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Swami Vivekananda wrote the following commentary for Sutra 2.30 of Patanjali Yoga Sutras:

Receiving is just as bad as stealing; receiving gifts from others. Whoever receives gifts, his mind is acted on by the mind of the giver, so that the man who receives gifts becomes degenerated. Receiving gifts destroys the independence of the mind, and makes us mere slaves. Therefore, receive nothing.

At the same time, Bhagavad Gita 17.20 states:

That gift which is given out of duty, at the proper time and place, to a worthy person, and without expectation of return, is considered to be charity in the mode of goodness.

So, giving gifts for charity, at the proper time, proper place and to a worthy person, without any expectation of return, is praised.

But at the same time, receiving gifts is considered bad for the yogi.

Isn't this a conflict? Should one give gifts knowing that it will enslave the mind of the recipient?

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  • that's why only Brahmins are supposed to receive charity. They have enough tapasya to overcome the ill-effects of receiving. Of course, charity to poor/hungry/disabled etc. is an exception, because that falls under Apat-dharma. – mar Apr 23 at 1:01
  • you have misquoted Vivekananda. His commentary on the Patanjali's sutra starts with "The man who wants to to be a perfect yogi" The verse's commentary is meant for those seeking perfection through yoga, it is not meant to be a rule for people in general. The verse from the Gita is meant for those who want to give gifts. One verse is a caution for receivers, the other is a general guide for givers. It is why most sannyasins do not accept gifts. – Swami Vishwananda Apr 23 at 4:49
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Although making charity is highly praised and a meritorious act, but at the same time it is also true that by accepting gifts the recipient's hands get sullied.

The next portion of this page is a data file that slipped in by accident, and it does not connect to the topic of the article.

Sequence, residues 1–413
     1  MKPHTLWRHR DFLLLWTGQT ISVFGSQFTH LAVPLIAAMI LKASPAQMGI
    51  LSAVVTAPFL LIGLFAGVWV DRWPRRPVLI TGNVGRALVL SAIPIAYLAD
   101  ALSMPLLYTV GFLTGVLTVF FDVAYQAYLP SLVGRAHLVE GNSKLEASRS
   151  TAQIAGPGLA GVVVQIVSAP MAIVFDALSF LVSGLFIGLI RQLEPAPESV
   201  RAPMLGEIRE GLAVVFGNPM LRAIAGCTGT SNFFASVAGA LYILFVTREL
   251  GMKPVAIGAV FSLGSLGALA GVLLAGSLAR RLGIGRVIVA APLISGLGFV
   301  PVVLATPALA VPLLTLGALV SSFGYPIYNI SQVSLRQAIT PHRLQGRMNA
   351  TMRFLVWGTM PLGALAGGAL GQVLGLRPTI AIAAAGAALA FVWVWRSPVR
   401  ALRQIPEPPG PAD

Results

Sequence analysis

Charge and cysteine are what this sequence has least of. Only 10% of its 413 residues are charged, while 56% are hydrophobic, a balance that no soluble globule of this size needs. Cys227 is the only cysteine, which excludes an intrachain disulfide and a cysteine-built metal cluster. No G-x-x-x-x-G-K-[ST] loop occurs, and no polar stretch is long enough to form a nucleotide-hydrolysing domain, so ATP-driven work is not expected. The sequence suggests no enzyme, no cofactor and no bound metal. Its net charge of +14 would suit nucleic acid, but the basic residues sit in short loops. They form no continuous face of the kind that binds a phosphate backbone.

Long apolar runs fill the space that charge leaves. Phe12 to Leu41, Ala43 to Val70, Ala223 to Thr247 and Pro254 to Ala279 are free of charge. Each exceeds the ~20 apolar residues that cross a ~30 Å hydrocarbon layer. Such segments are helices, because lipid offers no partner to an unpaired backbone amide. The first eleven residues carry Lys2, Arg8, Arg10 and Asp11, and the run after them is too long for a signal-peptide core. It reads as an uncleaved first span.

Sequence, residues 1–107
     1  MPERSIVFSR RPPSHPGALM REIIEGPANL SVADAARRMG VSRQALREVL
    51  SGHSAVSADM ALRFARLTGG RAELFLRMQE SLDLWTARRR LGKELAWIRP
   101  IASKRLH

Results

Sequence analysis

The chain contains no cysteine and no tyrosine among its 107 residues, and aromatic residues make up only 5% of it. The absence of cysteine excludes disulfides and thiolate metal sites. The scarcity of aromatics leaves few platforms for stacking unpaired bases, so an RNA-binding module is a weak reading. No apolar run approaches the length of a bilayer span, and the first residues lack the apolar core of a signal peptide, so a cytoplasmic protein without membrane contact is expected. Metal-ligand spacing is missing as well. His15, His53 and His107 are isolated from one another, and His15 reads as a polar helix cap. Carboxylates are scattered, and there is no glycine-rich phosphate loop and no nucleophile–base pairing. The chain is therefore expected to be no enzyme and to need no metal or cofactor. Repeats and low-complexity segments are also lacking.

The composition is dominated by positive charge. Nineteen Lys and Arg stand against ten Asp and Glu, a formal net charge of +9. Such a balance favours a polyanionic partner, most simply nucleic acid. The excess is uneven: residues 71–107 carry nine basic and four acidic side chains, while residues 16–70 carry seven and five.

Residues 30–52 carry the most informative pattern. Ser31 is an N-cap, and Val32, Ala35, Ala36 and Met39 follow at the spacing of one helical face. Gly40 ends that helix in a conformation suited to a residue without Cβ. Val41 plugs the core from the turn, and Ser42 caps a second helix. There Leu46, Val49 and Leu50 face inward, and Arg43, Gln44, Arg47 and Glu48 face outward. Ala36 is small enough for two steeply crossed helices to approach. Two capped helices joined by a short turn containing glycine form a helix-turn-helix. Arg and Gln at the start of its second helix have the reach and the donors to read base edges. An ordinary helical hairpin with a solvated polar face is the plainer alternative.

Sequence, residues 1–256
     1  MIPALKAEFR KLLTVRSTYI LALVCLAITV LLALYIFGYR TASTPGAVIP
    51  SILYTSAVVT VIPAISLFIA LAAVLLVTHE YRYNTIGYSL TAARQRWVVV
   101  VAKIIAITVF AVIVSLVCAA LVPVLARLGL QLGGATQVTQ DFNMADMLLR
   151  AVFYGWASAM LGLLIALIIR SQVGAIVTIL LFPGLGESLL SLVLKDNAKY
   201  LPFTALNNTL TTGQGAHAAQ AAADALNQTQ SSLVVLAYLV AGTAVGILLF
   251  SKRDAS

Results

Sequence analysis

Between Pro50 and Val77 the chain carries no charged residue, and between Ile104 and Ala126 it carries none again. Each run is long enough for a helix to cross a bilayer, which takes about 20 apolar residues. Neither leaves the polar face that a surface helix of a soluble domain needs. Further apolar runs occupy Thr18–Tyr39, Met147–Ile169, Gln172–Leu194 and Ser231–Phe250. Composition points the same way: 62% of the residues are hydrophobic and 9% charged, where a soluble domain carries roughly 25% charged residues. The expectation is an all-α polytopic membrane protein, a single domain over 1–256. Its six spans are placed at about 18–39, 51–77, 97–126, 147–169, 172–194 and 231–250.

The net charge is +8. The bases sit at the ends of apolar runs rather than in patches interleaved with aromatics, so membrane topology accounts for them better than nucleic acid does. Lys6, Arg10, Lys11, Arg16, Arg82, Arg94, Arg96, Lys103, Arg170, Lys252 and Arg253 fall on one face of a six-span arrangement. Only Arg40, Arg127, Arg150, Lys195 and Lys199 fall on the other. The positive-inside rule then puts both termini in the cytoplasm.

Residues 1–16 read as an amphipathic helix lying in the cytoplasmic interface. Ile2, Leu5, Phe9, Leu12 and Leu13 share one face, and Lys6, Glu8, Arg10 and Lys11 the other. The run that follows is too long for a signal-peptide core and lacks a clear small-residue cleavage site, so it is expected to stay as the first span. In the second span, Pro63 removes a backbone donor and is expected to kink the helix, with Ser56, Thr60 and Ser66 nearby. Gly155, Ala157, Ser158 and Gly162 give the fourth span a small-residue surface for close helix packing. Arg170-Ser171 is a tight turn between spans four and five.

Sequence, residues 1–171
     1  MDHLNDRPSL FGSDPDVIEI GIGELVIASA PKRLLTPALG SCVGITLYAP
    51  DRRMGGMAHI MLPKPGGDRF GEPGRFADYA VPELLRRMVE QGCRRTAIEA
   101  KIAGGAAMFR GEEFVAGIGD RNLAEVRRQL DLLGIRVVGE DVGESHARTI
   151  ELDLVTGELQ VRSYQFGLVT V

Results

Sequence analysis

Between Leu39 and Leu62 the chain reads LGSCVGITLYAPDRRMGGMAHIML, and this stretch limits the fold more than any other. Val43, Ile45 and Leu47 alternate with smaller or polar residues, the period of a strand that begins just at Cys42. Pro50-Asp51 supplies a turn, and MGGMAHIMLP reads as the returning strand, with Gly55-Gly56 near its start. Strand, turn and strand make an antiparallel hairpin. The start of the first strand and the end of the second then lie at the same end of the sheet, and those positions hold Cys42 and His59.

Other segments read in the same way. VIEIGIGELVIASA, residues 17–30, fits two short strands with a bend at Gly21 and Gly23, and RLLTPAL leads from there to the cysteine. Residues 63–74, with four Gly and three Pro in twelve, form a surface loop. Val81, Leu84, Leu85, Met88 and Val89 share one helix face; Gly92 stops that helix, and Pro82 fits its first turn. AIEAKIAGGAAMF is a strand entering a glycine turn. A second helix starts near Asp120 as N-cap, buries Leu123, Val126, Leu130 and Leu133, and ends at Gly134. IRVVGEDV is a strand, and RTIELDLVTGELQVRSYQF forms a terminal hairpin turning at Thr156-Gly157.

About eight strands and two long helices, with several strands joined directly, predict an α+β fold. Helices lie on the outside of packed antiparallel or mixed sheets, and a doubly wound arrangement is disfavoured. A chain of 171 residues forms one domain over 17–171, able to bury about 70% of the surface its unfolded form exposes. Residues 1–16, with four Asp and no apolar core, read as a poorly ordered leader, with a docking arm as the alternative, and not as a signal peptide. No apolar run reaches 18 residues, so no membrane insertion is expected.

In Kularnava Tantra 15.78, Lord Shiva says:


jihvA dagdhA parAnnena karau dagdhau pratigrahAt |
mano dagdham para-stribhih kArya-siddhih katham bhavet ||

The tongue is burnt by the food of another; hands burnt by accepting from another; the mind burnt by (thoughts of) women of others ; how then can there be success in the endeavour?


This was said in the 15th chapter of the text that deals with Purashcharana and allied things. In one earlier verse it is said that if while performing some Dharmic acts/rites one lives on food given by others then half of the merit (that results from the Dharmic act) goes to the person who maintains (the performer of the act) and half to the performer. So, it's not desired to be maintained by others while doing Purashcharana of Mantras.

That by receiving gifts one becomes impure can be proven from other scriptures like Manu Smriti too.

At a funeral ceremony, for example, an invited Brahmin is supposed to receive gifts. But after that he is not supposed to recite the Vedas. Why?

Because, he has made his hands impure upon receiving those gifts. And, for a Brahmin, it is said that his mouth is his hand. So, when the hands get impure the mouth also gets impure and with that impure mouth one must refrain from reciting the Vedas. That is what is meant.


Manu 4.116. Let him not study near a burial-ground, nor near a village, nor in a cow-pen, nor dressed in a garment which he wore during conjugal intercourse, nor after receiving a present at a funeral sacrifice.

4.117. Be it an animal or a thing inanimate, whatever be the (gift) at a Sraddha, let him not, having just accepted it, recite the Veda; for the hand of a Brahmana is his mouth.


A pure and true Brahmin is only fit to be made gifts unto and not any other Brahmins. Because such a Brahmin is like the fire into which sacrificial offerings are poured. So, he is least affected by the impurity that results from receiving gifts.

3.212. But if no (sacred) fire (is available), he shall place (the offerings) into the hand of a Brahmana; for Brahmanas who know the sacred texts declare, ’What fire is, even such is a Brahmana.’

So, Swami Vivekananda isn't making a contradictory statement at all and moreover his statement isn't a generic one but meant only for Yogis. But if he was saying that, irrespective of whether one is a Yogi or not, receiving gifts is bad, even then it would not have being wrong. Because as shown above, by accepting gifts one indeed gets impure. To subdue this effect gifts are required to be made only to true Brahmins who are pure like fire.

Therefore, there's no denying the fact that by receiving gifts one becomes impure and it's a hindrance in spiritual progress.

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